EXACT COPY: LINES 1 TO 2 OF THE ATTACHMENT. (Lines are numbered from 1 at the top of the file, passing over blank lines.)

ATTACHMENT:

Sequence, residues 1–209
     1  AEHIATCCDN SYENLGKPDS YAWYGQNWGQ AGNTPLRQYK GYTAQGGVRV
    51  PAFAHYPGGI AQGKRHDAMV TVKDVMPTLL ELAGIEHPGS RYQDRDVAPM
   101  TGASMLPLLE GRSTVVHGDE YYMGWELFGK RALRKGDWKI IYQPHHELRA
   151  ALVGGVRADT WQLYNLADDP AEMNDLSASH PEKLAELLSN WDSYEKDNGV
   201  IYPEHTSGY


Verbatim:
Sequence, residues 1–209
     1  AEHIATCCDN SYENLGKPDS YAWYGQNWGQ AGNTPLRQYK GYTAQGGVRV